A collection of some of the world’s finest, fastest and most famous Maxi yachts will gather in Porto Cervo, Sardinia for the 25th edition of the Maxi Yacht Rolex Cup from 31 August – 6 September, an occasion which marks the 30th year of the relationship between event organizers Yacht Club Costa Smeralda (YCCS) and title sponsor Rolex.
What’s new this year?
The Maxi Yacht Rolex Cup always welcomes new, cutting edge designs for whom the ultimate proving ground is the event’s myriad of challenging and rocky racecourses. Last year the eye-catching launch was Sir Lindsay Owen-Jones’s Wally Cento Magic Carpet 3. In 2014 another highly successful businessman passionate about sailing arrives in Porto Cervo with a new build. Niklas Zennström recently launched the Mini Maxi Rán 5 and seeks to continue his impressive run of success at the competition.
Where is the tightest competition forecast?
The appearance of Rán 5 will add intrigue to an already mouth-watering Mini Maxi Rolex World Championship. The class is continuing to grow, not only in numbers but in quality, as rivalries intensify. Zennström won three of the four championships to date with his former Ran 2, now competing as Robertissima III and helmed by Italian Roberto Tomasini Grinover. Hap Fauth’s United States entry Bella Mente is the only other boat to have won the title and will seek to better last year’s fourth place finish when poor performance in the longer coastal races cost her a podium place. Andres Soriano’s Alegre finished second last year in the boat’s debut at the event. Denied by mere seconds in 2013, a year on and with greater confidence in their boat’s potential, Alegre will be one of the favourites. Completing the roster are some great boats and experienced crews: Rán 5 will come face to face with Sir Peter Ogden’s latest iteration of Jethou and United States entries Caol Ila R and Shockwave, class winner at the recent Copa del Rey.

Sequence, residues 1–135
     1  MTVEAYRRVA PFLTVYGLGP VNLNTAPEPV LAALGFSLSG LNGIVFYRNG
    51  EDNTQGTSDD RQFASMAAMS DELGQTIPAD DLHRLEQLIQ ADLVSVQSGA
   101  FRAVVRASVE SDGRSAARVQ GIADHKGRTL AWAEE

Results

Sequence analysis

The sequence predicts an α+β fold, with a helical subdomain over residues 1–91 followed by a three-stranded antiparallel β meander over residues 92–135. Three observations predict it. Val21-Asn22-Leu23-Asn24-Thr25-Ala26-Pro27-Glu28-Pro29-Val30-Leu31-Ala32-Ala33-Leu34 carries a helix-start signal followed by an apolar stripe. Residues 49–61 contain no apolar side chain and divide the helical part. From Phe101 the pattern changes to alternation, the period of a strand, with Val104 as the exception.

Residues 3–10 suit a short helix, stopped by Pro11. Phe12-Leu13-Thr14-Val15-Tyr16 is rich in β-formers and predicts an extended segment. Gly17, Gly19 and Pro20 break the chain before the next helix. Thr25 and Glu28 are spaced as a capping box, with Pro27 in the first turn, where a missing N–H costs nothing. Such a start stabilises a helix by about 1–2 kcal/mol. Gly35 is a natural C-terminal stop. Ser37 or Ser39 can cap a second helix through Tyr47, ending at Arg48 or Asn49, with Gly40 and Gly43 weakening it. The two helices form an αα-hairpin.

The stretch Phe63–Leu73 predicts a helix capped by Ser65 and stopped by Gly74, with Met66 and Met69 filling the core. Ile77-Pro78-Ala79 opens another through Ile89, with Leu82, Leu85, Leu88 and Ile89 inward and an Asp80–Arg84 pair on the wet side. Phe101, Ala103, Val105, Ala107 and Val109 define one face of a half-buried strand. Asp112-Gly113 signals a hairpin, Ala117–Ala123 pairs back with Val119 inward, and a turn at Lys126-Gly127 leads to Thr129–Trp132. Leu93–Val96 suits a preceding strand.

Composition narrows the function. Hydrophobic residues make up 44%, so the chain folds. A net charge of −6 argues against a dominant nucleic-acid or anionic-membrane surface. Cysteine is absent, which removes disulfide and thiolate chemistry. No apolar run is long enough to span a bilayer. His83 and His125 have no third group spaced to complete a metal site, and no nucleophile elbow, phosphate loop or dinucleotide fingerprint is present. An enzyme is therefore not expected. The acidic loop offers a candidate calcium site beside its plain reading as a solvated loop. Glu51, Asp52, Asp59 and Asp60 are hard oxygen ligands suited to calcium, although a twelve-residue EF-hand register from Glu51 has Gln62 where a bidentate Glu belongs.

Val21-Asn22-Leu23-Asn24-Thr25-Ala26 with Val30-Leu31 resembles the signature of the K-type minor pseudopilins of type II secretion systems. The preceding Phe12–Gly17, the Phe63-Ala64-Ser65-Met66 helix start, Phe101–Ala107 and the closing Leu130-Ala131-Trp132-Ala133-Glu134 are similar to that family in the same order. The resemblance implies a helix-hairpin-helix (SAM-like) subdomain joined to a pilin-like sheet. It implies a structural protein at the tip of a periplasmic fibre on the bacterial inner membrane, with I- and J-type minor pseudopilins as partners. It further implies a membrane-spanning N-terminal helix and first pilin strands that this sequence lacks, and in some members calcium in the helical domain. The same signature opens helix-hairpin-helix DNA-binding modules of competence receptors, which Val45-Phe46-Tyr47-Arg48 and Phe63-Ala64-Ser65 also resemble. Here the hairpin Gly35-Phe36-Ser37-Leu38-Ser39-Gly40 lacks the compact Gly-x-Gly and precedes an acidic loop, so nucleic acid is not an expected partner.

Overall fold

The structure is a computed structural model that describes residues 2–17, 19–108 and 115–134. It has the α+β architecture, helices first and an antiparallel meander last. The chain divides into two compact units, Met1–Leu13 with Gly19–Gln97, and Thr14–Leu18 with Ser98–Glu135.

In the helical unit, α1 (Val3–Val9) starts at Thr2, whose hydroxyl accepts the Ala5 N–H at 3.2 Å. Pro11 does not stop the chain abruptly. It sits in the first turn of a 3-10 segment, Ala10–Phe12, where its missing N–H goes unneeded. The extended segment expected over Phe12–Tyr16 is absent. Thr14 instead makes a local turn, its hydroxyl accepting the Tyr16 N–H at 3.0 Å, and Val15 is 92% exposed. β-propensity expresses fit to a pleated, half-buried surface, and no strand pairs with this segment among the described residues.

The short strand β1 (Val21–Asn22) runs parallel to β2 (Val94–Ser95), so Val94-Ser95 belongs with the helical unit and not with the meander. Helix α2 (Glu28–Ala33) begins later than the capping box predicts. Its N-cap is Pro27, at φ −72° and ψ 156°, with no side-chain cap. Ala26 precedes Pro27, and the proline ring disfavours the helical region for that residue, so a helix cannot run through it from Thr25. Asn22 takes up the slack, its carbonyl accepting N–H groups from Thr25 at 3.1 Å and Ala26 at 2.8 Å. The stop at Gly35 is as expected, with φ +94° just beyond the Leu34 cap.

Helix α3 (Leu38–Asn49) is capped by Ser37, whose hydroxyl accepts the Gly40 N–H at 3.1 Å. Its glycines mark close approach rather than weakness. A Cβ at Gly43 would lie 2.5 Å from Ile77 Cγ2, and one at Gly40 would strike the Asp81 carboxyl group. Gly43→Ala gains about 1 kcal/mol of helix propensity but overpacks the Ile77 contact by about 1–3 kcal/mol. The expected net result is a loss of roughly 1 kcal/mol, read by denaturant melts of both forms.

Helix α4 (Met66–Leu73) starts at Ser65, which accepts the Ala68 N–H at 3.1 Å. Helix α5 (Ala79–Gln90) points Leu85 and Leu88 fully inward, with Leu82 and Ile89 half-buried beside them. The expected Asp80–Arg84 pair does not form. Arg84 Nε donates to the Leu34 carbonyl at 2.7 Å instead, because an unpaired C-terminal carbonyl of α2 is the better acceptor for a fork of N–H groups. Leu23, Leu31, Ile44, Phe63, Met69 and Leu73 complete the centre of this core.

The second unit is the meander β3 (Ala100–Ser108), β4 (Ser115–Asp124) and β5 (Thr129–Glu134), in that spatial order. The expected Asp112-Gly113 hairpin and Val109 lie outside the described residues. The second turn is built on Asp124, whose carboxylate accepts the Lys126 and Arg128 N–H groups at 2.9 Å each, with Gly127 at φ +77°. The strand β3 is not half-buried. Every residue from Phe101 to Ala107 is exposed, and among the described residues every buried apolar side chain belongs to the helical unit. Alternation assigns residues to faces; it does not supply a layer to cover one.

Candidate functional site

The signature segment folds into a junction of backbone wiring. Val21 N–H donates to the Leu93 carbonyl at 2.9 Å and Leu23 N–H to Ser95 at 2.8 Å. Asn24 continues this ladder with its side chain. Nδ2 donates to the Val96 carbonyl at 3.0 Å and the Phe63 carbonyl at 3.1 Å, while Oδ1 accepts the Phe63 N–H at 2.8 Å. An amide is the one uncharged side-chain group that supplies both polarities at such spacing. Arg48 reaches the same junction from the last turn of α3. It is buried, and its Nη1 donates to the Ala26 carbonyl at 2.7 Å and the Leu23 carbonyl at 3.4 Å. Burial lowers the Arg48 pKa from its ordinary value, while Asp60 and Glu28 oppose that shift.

And outside the Mini Maxi Rolex World Championship?
Five boats are set to take part in the J-Class which made its return to the event last year. A mix of replicas and restorations of original 1930s designs, this year’s fleet comprises Lionheart, Rainbow, Ranger, Shamrock V and Velsheda. In comparison to the slick, carbon fibre, stripped-out racing boats, the J-Class provides a more genteel and elegant approach to sailing. Handling these boats is not easy though - loads are huge, complicated, everything needs to be executed precisely by up to 40 skilled sailors.
And what are the largest boats?
The 67m (220-ft) Hetairos set the record as the largest ever boat to compete at the event in 2012 when her immense 62.5m (205-ft) mast dwarfed over most of the fleet. The largest boats outside of the J-Class - where Lionheart measures 43.7m (143-ft) and Ranger 41.6m (136-ft) - are the two Supermaxis Firefly (35m, 115-ft) and Viriella (36m, 118-ft). A near 40-strong fleet is expected to take part comprising boats from around 15 different countries.
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